Back to Basics

Nov 24, 2014
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by Rabbi Shaya Karlinsky

“Simplify, simplify.” “Back to Basics.” “The main thing is to keep the main thing the main thing.” These ideas are not just management mantras. They express some of the foundations of our spiritual “work” as we approach the Yamim Noraim, Rosh Hashana, Yom Kippur and Sukkot.

On Rosh Hashana we stand before G-d asking to be inscribed in the Book of Life for a good year. Our request is not accompanied by repentance, but only by the sound of the shofar blasts. Preceding the sound of the shofar, we recite the blessing “lishmoah kol shofar,” to hear the voice of the shofar. How does the shofar play such a central role in bringing about a favorable judgement? And what is the meaning of the blessing we recite.

Kol, voice, is the primary element of dibbur, speech. While speech is the expression of an intellectual process, emanating from one’s thoughts, the voice, which precedes speech, is an expression of one’s fundamental being, emanating from the life-breath. In man’s creation, it was the “breath of G-d” that infused man with life (Breishit 2:7), and the sound of the shofar, made with no more than a breath, is the declaration that the Divine life force is our essence. The blowing of the shofar is to help us identify the source of our being, and if we succeed, we are confident that G-d’s judgement will be based on this essence, leading to a year of life and prosperity.

Yom Kippur is the day that we live a most simplified existence. Forgoing food and drink, the pursuit of physical and material pleasures, there is great equality and unity among all Jews. We break down the barriers that separate us from G-d, as well as from our fellow man. G-d sees that the essence of our existence is pure and holy. The repentance of Yom Kippur is a demonstration that our sins are caused by factors which are external and coincidental to our essence. Pursuit of worldly pleasures and possessions, social competition and interpersonal strife are all shown to be completely detached from our true selves. Standing before G-d in such a pure state enables Him to forgive the sins caused by these confounding forces.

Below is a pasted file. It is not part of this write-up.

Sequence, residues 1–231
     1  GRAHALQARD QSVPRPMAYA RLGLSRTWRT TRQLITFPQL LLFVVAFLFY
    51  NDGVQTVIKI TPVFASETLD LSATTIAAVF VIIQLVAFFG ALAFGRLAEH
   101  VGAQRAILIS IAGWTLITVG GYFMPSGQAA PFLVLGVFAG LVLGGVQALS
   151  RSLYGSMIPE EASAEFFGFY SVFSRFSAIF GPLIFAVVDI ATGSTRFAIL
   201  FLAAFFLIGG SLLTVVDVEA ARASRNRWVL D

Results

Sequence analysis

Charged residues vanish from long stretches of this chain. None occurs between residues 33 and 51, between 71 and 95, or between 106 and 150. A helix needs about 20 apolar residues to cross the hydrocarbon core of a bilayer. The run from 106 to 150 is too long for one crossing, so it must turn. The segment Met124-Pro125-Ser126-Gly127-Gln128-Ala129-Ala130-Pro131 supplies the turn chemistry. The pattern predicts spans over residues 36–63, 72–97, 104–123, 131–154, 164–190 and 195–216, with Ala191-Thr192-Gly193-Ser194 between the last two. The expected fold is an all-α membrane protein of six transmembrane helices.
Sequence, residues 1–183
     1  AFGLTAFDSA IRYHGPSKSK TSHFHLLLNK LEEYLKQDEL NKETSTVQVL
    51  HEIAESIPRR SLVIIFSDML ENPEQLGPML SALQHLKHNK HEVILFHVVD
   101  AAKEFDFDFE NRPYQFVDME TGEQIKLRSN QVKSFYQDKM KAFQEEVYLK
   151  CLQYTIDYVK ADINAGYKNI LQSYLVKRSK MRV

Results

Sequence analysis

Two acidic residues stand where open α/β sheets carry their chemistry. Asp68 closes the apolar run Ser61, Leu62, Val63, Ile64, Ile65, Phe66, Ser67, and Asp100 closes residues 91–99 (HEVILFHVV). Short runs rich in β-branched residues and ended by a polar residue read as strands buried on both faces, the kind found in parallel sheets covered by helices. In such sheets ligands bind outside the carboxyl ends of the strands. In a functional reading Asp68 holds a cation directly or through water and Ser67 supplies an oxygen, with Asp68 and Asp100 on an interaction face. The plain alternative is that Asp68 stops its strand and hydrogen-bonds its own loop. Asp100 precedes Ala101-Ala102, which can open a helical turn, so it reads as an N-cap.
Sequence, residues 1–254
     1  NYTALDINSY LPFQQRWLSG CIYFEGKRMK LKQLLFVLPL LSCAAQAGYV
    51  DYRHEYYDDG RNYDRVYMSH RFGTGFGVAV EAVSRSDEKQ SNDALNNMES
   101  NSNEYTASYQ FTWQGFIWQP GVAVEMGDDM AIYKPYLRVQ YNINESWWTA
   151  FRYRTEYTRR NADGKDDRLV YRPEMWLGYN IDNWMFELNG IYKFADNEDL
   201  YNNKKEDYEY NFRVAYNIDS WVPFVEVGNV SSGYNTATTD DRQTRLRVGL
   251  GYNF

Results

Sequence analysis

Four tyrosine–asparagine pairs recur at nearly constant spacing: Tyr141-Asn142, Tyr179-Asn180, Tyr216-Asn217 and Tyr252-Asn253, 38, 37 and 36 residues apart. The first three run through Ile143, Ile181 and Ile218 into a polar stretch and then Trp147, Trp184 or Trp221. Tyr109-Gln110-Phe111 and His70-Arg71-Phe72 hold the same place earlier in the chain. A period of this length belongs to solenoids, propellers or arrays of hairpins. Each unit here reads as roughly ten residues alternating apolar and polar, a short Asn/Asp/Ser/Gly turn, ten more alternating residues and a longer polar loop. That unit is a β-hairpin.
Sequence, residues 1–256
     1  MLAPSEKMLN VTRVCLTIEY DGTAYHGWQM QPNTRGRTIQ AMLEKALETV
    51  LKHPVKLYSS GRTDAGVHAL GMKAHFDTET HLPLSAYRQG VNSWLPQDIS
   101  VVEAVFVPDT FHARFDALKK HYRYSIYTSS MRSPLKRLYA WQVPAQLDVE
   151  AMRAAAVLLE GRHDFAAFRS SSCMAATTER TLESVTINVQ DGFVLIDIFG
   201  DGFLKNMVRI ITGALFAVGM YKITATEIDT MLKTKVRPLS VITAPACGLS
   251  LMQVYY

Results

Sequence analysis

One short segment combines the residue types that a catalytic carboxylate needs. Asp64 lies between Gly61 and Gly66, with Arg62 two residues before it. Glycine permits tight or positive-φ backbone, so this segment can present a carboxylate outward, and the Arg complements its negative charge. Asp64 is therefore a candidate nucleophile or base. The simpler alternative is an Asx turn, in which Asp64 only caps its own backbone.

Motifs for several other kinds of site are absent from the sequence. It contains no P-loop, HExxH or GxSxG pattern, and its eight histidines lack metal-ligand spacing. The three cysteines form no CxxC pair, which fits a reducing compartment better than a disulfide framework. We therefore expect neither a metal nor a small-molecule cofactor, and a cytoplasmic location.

While the details of simplification practiced on Yom Kippur are not sustainable in our daily lives, the process continues as we leave our permanent home to dwell in the Sukkah. The minimal protection it provides reminds us of the fragile nature of our existence in this world and our complete dependence on G-d. The Sukkah enables us to sharpen our perspective of what are our real necessities and what truly are the “main things” in our daily lives.

Binding together the etrog, lulav, hadasim and aravot symbolizes the fundamental unity of the Jewish people. Every Jew, even one lacking in Torah and mitzvot, is an inseparable part of the bond that unites all Jews. When we return to basics, every Jew is important, every Jew plays a role. Tishrei is the month in which we are judged by G-d, both individually and collectively. But it is also the month in which we judge ourselves. Throughout the month of Tishrei, our task is to return to fundamentals: to define what is truly important, create priorities, determine our goals and to realisitically assess what means we have available to achieve these goals. May it be G-d’s will, that through our clarifying of the essence, we will all merit to be written and sealed in the Book of Life for a wonderful and productive year.

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